For those new to the cryptocurrency sector and blockchain technologies, we should mention that mining is defined as the process of processing transactions and creating blocks of data that are added to the blockchain digital ledger. Mining is the actual process that eliminates the need for third-parties.
There is a limited supply of 84 coins - four times bigger than Bitcoin - with 66,752,415 LTC Litecoins already in circulation at the time of writing.
The good news is that compared to Bitcoin, Litecoin uses a more accessible and power-efficient mining algorithm called Scrypt.
Scrypt is an intensive memory algorithm that demands calculations to be carried out sequentially.
Being more democratic and accessible, Scrypt prevents Application-Specific Integrated Circuits (ASICs) to monopolise mining. LTC mining may attract more miners and investors over time because of this.
Another major difference between Litecoin and Bitcoin is the fact that Litecoin generates blocks every 2.5 minutes as opposed to 10 minutes for Bitcoin (with 12.5 Litecoins being generated per block).
What does all that mean in real-world settings, though? Imagine that Bob in the UK wants to send some money to Sarah in Australia. If Bob goes to a bank, his transfer will take a lot of time, money, and paperwork.
If he decides to use Litecoin instead, he can avoid all these issues; it will take only 2.5 minutes for Sarah to receive her funds. This is the time needed for miners to verify the transaction as legitimate.
Would you consider investing in Litecoin?
Is it Worth Investing in Litecoin in 2021?
Given the fact that Litecoin is the eleventh-largest cryptocurrency by market cap, it’s believed that investing in Litecoin in 2021 is worth it.
Many investors claim that Litecoin in 2021 is worth considering, insisting that its price could grow further in the long term.
Data show that there also appears to be some significant upside potential for LTC: if the coin continues to show higher lows in the hourly charts, its bull run may continue.
Though Litecoin is currently trading at $168.25 with a 24-hour trading volume of $2,553,947,803 - which can’t compare with Bitcoin - Litecoin has some significant growth potential.
Litecoin saw an increase of over 70% since Black Thursday 2020 and managed to recover from the ongoing coronavirus pandemic.
Moreover, as Litecoin has a max supply of 84 million, its scarcity makes LTC a safe harbour from depreciation and inflation and might help it become a store of value for long-term investors, especially in turbulent economic times.
That said, when deciding to invest in cryptocurrencies, always keep in mind that crypto investing can be risky. Never invest more than you can afford to lose.
This doesn’t mean that investing in LTC in 2021 is a bad idea: it just shows that the risk to reward ratio of LTC should be considered.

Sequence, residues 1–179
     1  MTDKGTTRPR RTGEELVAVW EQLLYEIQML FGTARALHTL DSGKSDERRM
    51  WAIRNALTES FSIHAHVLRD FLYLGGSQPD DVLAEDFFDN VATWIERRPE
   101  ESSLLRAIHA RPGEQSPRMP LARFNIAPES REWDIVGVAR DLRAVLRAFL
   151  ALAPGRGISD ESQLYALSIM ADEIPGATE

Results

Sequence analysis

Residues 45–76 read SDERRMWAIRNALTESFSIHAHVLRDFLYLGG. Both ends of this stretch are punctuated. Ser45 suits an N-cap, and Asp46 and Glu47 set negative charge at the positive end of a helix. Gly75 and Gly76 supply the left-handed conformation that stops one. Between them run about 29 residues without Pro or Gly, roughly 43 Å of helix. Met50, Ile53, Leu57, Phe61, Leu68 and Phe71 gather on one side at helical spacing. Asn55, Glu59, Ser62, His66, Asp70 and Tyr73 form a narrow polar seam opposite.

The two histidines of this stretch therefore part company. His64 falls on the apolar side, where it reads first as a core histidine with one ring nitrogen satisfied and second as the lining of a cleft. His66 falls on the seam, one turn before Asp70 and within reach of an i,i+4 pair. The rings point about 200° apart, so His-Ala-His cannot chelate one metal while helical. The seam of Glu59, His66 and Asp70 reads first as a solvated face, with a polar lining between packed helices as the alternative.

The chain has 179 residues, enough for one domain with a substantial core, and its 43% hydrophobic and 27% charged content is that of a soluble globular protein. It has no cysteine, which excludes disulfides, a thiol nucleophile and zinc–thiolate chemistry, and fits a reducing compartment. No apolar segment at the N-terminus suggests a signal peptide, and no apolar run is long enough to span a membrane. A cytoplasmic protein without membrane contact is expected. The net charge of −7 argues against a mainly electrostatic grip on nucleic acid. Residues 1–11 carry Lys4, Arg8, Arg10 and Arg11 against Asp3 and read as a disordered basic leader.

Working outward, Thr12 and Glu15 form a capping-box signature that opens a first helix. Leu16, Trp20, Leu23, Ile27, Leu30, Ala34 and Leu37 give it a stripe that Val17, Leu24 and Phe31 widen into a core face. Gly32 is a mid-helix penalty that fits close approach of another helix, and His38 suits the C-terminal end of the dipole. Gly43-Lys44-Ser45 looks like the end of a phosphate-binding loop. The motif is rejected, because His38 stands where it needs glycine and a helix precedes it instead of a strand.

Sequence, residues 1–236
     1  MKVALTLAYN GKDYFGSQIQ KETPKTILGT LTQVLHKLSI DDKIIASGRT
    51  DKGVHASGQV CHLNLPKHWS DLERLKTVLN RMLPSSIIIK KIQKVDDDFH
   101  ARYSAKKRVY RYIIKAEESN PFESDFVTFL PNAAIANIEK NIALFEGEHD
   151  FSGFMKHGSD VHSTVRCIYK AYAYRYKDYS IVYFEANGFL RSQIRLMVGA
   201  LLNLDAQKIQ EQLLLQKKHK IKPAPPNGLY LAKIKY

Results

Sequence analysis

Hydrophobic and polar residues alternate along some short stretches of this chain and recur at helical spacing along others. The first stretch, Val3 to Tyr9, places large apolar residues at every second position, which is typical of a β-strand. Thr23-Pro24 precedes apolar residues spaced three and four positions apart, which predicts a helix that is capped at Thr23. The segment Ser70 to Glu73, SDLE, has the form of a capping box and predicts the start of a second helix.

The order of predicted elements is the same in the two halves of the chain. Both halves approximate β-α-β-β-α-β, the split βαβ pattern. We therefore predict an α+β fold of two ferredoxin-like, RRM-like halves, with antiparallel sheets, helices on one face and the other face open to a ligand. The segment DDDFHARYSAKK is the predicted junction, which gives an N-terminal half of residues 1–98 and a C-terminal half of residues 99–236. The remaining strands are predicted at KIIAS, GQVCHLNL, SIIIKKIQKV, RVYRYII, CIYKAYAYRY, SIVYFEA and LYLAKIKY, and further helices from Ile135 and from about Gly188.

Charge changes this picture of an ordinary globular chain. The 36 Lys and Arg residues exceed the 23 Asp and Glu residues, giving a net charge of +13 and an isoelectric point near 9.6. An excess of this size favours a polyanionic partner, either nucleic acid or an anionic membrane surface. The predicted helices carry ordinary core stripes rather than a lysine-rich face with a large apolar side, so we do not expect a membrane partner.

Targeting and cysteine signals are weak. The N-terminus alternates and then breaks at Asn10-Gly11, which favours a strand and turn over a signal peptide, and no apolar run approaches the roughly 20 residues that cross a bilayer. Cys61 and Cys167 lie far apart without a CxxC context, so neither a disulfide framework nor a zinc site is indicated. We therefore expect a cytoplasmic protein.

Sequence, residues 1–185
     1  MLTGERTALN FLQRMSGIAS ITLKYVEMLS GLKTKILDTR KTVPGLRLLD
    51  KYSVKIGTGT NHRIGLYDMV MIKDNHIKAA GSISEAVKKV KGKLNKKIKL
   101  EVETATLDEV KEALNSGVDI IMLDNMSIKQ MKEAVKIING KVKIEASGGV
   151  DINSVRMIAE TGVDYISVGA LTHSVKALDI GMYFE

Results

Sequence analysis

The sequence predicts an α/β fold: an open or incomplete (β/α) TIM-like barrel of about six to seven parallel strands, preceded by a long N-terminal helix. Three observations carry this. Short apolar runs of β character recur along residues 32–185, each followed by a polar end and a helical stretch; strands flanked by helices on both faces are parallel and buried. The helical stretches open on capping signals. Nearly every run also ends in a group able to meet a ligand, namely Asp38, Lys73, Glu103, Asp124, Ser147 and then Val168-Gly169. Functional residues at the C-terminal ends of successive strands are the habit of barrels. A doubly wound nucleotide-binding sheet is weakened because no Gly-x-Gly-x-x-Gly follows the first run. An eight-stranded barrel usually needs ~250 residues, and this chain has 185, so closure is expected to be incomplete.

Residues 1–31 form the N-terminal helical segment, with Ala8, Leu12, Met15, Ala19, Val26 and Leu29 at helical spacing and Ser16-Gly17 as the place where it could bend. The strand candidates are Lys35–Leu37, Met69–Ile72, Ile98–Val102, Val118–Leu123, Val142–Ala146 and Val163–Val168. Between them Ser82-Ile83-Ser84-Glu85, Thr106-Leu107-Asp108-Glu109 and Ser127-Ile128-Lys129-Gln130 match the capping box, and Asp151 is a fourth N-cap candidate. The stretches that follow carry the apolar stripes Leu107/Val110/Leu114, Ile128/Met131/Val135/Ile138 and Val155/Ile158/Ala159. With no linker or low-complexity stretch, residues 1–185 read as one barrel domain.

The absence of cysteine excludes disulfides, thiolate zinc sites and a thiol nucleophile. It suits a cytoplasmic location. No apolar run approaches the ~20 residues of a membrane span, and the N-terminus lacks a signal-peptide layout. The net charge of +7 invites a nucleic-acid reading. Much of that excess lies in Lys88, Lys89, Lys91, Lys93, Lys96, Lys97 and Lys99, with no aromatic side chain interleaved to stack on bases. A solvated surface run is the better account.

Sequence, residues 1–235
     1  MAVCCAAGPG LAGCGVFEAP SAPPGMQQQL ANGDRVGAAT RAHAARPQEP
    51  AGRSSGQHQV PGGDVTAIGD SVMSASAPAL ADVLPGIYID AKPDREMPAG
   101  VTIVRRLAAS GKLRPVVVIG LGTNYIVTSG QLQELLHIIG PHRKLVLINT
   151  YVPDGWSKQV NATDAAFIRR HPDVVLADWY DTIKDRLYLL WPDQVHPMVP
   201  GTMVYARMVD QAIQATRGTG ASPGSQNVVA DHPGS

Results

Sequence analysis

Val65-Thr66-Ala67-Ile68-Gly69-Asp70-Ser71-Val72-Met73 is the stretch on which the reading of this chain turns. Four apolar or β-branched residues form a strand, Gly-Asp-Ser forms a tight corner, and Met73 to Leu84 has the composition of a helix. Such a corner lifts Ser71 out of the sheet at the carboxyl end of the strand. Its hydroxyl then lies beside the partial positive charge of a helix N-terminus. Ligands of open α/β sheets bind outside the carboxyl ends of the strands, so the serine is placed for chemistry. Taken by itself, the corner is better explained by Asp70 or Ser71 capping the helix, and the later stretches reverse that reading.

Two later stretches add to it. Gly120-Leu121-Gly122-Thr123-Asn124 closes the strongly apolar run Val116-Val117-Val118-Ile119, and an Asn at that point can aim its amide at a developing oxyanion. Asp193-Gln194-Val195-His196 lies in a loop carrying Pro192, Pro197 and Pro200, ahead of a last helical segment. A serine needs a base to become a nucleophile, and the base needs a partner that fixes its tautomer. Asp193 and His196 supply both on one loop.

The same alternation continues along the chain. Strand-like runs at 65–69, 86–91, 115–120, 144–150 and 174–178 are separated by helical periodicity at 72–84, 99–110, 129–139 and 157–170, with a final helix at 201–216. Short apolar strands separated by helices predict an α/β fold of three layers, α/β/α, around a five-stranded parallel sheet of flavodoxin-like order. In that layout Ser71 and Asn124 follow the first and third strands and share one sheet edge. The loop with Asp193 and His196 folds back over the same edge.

Check Out: Will Litecoin Make Me Rich?
Why Is Litecoin So Cheap?
Because demand for Litecoin is lower than other cryptos like Bitcoin and Ethereum.
And in terms of supply, remember that there will only ever be 84 million coins. This is four times that of Bitcoin, so Litecoin is much easier to get a hold of. The more of something there is, the less rare and therefore valuable it is.
The Litecoin team likely wants to remain cheap so they can continue being a transactional cryptocurrency.
Is Litecoin Better Than Bitcoin?
On a technological level, it could be said that Litecoin is better than Bitcoin, but Bitcoin has the edge - it’s extremely popular.
Bitcoin also dominates the market cap of cryptocurrency.
Major cryptoassets by percentage of total market capitalisation. Source: coinmarketcap.com
Litecoin is better than Bitcoin in the sense that it can be used as an easy way to make transactions.
This could mean that over time we will see wider use of Litecoin among merchants and services, and in that sense, Litecoin could be said to be more successful than Bitcoin.
That said, Bitcoin is better as a store of value than Litecoin, and the chances of Litecoin beating Bitcoin in that capacity are slim.
Litecoin Vs Bitcoin Cash
Litecoin and Bitcoin Cash have an array of similarities and, depending on who you speak to, one can be said to be better than the other.
Both are attempts to be better versions of Bitcoin but in different ways.
Bitcoin Cash in many ways is not too different from Bitcoin itself. Its primary difference is that it has blocks 32 times larger. This allows it to process more transactions quicker and lowers fees.
Aside from market cap and a few other small features, Litecoin’s primary difference from Bitcoin and Bitcoin Cash is its hashing algorithm ‘Scrypt.
While both proof of work algorithms, Scrypt is believed to be better than Bitcoin Cash’s SHA-256 algorithm because it doesn’t require such a high hash rate, making it more energy-efficient.
That said, Scrypt is supposedly more memory intensive than SHA-256, so one is not completely clearly better than the other.
Both aim to be transactional cryptocurrencies but at times struggle to remain relevant in an ever-changing cryptocurrency market. However, BCH and LTC are two of the most accepted cryptos by merchants today.
Why Is Litecoin Going Up?
The 2021 bull market is the primary factor behind Litecoin’s rise in price, but upgrades and partnerships have also contributed hugely.
You can check out Litecoin’s latest releases on GitHub where they announce what they have improved on or added.
Litecoin is also increasingly available on online payment services like PayPal and Revolut, increasing regular people’s access to it.
But perhaps the most important, underlying reason why Litecoin is going up is that slowly, more and more people are buying into Litecoin, and more merchants are accepting it.